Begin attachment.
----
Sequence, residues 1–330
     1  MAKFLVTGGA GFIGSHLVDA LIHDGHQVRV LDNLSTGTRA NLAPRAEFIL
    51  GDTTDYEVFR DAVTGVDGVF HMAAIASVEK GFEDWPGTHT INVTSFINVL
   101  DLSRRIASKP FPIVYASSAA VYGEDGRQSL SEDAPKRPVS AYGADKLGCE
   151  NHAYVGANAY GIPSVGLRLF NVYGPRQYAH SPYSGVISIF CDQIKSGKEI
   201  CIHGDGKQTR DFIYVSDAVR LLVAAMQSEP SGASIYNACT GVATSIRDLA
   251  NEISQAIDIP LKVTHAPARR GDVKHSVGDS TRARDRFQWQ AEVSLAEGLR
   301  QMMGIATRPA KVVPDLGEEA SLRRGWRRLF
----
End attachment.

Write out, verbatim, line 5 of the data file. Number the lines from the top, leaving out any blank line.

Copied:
   151  NHAYVGANAY GIPSVGLRLF NVYGPRQYAH SPYSGVISIF CDQIKSGKEI